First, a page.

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Much has been written about the alternate films coming out of Mumbai. But there is life beyond Bollywood. TOI-Crest looks at new wave cinema from across the country - intelligent, polished and increasingly popular. Regional is on a roll.
MOVIES FOR THE NEW MANOOS
Flush with off-beat ideas and prodigious talent, Marathi cinema is pushing the envelope like never before
Khalti Doka Varti Paay (Upside Down), which went to Cannes this year, is the story of Nandu, a little shepherd boy, whose only dream is to see a circus. Directed by Ajay Singh, the film journeys into the maddening whirl that is Mumbai, a bigger circus than any the boy could have hoped to see. Ten years ago when Marathi cinema was swamped with melodramatic stories about tamasha dancers, weepy housewives and lascivious landlords, Khalti. . . would not have been possible. What made the leap of faith possible was a small film made with a Rs 30-lakh budget, Shwaas, also about a little village boy who makes a life-changing journey to Mumbai. Shwaas gave Marathi cinema the kick it needed to go back to its strong creative roots. Today, it is no longer in Bollywood's shadow. In fact, Bollywood is now keen to back Marathi cinema. Khalti. . . , for instance, is part-produced by lyricist Amitabh Bhattacharya. And Amitabh Bachchan's ABCL has backed the brilliant Marathi director Umesh Kulkarni and writer-actor Girish Kulkarni. This year, a feast of exciting projects is lined up. There is Madhuri Ashirgade's biopic on Baba Amte, who will most likely be played by Nana Patekar. Young filmmaker Dhananjay Kulkarni will be looking at the frail relationship between an NRI son and his parents in Sanjparva. And there is Satish Rajwade's next film Badam Rani Gulam Raja based on the controversial Marathi play Makadachya Hati Champaign about manipulative politicians.
Actor Upendra Limaye has an interesting story that sums up the interest that Marathi cinema is generating at national - and even international - fora. The actor who won the national award for Jogwa says that when he went to Delhi to receive the award, the jury told him that it is now a treat to watch movies in the Marathi movie section.
"Producers and directors now show the courage to handle different and sensitive issues, " says Chandrashekhar Joshi, film research officer at the Film and Television Institute of India.
Hearteningly, Marathi films which could be broadly classified as parallel cinema, such as Maaibaap, Thaang, Maatimai and Shevari, do good business. The last time alternate Marathi cinema experienced such a high was when Jabbar Patel had made movies such as Jait re Jait, Umbartha and Sinhasan in the 90s. Or when Amol Palekar made thought-provoking films on social issues.
Those days are back again. In recent years there have been films such as Jogwa, Valu, Deool, Shala, Babu Band Baja and Kaksparsha, which handled a range of social issues. Many of them were songless movies but they still drew crowds. Shala, 26-year-old Sujay Dahake's directorial debut, which tackled the problems of adolescence, managed a good response despite releasing with Agneepath and Ek Main Aur Ek Tu.
The picture was pretty dismal in the 1970s when the yearly output of the Marathi film industry was barely four or five movies. The number rose to 15 in 1980s and settled down to an average of 35 till 2001. However, post-Shwaas and its Oscar nomination and national award, the number increased. It has soared to the 100 mark in recent years, and another 50 are usually in the making.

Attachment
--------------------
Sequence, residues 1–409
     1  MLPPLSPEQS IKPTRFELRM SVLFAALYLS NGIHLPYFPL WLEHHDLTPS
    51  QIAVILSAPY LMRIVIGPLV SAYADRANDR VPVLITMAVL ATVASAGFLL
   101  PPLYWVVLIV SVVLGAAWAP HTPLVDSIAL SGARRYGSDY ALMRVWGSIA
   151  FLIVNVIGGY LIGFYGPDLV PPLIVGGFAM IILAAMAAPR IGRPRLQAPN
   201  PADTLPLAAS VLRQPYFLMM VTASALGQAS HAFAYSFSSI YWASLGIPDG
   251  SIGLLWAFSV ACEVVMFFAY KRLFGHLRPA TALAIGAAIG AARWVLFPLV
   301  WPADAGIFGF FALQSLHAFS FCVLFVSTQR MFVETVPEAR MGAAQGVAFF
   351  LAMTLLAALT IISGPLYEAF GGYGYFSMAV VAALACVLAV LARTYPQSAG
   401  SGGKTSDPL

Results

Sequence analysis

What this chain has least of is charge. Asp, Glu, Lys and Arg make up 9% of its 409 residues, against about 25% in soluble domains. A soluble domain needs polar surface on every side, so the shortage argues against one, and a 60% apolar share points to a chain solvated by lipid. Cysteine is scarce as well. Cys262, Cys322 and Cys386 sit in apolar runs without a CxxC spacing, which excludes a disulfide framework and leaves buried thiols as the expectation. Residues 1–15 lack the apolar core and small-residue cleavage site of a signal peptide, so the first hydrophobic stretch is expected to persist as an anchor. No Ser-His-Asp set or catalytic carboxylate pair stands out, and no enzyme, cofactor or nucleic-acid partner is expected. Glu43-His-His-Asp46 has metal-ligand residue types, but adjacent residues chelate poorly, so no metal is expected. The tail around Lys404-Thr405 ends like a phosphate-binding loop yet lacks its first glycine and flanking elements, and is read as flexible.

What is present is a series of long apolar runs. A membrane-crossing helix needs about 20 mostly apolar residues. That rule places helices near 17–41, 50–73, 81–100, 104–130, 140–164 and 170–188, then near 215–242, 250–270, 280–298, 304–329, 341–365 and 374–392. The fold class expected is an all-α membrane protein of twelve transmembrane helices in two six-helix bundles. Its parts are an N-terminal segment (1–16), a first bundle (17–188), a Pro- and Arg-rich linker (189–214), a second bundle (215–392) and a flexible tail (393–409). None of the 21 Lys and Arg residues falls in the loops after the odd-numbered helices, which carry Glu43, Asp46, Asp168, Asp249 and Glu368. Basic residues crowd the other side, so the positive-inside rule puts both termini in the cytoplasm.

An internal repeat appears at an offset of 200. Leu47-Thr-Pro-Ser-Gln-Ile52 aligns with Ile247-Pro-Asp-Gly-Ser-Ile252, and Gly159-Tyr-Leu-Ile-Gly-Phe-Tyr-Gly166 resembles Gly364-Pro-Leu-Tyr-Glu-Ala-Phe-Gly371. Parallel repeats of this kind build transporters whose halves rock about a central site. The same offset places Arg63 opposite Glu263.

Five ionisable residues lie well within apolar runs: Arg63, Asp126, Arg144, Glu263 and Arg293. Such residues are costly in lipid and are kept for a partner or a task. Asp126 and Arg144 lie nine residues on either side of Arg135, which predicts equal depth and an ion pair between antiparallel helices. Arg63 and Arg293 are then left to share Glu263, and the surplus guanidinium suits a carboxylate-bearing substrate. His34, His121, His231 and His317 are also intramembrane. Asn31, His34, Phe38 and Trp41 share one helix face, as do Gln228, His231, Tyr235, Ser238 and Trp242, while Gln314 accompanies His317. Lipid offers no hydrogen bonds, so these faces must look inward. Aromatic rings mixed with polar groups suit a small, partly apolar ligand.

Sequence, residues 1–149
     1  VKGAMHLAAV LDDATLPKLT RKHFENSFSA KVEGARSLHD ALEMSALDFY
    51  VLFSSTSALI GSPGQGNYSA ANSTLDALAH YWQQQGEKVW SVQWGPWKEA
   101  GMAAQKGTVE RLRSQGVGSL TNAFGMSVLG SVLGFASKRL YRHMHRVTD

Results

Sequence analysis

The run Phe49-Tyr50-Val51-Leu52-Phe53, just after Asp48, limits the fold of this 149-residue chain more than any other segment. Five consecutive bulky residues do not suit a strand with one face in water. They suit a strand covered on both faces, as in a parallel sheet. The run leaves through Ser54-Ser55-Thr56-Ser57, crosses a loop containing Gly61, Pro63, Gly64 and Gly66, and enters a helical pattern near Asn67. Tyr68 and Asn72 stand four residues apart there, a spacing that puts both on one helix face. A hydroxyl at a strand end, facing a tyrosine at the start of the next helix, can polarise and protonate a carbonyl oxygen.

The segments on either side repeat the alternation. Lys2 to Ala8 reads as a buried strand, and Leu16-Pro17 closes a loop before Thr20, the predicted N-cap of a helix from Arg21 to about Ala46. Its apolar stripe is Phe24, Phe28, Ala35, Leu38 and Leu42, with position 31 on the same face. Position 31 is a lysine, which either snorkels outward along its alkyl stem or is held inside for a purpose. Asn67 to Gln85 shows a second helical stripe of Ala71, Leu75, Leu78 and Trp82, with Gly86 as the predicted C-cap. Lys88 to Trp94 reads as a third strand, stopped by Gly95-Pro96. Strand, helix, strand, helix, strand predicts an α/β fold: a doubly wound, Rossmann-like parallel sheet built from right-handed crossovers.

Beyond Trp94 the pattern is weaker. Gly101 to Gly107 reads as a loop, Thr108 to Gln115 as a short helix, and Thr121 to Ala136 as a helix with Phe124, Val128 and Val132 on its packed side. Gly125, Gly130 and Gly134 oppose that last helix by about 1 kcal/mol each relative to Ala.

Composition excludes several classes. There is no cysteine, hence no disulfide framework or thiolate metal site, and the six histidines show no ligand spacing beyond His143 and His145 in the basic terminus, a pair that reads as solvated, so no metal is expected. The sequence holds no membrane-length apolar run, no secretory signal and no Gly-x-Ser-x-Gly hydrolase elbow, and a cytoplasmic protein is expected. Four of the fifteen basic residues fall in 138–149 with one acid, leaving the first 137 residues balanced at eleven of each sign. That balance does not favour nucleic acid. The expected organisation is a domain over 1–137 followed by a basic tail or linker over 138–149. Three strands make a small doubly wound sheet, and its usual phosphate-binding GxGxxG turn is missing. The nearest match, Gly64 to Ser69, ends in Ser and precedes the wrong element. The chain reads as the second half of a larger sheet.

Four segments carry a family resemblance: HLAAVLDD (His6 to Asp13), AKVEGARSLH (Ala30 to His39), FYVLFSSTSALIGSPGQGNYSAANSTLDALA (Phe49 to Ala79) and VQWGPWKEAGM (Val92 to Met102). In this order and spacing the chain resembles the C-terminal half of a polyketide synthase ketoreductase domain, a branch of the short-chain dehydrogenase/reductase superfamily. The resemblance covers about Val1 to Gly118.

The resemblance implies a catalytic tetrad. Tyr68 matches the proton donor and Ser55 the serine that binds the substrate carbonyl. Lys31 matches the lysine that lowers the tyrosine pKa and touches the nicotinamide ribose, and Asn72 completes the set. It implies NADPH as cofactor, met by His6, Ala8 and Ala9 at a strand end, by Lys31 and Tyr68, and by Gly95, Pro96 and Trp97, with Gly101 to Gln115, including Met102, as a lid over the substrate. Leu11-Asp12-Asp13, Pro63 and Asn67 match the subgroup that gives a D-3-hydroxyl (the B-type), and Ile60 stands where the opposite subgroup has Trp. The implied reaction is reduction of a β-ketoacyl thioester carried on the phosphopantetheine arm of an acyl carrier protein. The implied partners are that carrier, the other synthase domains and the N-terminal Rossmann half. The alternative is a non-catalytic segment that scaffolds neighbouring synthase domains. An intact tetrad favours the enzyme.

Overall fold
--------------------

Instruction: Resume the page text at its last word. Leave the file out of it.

Virendra Chitrav, secretary Ashay film club and former member of the Maharashtra state film advisory board that drafted the government policy for Marathi films, says that the process of change actually began in 1996-97.
"When we sat down to select films for the state awards in 1997 we found that there were only five films made that year. It was the lowest point for Marathi films, " recalls Chitrav. The government then decided to give grants to encourage film makers. The grants were generous - of upto Rs 20-25 lakh, with an additional Rs 10 lakh if the film is made in 35 mm and Dolby sound.
Prasad Surve, president of the Akhil Bharatiya Marathi Chitrapat Mahamandal which is the apex Marathi film body, points out that Marathi filmmakers are slowly outgrowing their dependence on government grants. "We no longer have shoe-string budgets. Mahesh Manjarekar's Mee Shivajiraje Boltoy, which was a huge box office success, was made with a budget of Rs 2. 5 crore. Nitin Desai's Balgandharv and Ajintha cost Rs 5 crore while the recently released Tukaram, directed by Chandrakant Kulkarni, was made at a cost of Rs 2 crore, " says Surve.
In fact, Marathi cinema is now so prolific that new releases have begun eating into each others' business. Marathi films are also making it to the national award list every year. "Of course, young directors like Umesh Kulkarni (Valu, Vihir, Deool), Nishikant Kamat (Dombivli Fast), Gajendra Ahire (who has made 25 films in last six years including Not Only Mrs Raut, Sarivar Sari and Divsendivas), Sachin Kundalkar (Gandh) and Satish Rajwade (Mrugjal, Mumbai-Pune-Mumbai ) have immense talent but they also have fresh, bold ideas and a global vision. They have proved that it is possible to have a successful career in Marathi film making, " says Chitrav.
So strong is this new wave of Marathi cinema that it is attracting investors and producers from Bollywood. Amitabh Bachchan's AB Corp produced Vihir and Subhash Ghai's Mukta Arts is now producing and distributing Marathi films.